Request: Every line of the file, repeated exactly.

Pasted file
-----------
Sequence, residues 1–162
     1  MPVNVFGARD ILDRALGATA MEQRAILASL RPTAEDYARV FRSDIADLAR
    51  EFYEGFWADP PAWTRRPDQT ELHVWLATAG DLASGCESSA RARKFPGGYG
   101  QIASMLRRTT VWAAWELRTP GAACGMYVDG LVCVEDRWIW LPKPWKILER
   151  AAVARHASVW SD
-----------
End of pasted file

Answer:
Sequence, residues 1–162
     1  MPVNVFGARD ILDRALGATA MEQRAILASL RPTAEDYARV FRSDIADLAR
    51  EFYEGFWADP PAWTRRPDQT ELHVWLATAG DLASGCESSA RARKFPGGYG
   101  QIASMLRRTT VWAAWELRTP GAACGMYVDG LVCVEDRWIW LPKPWKILER
   151  AAVARHASVW SD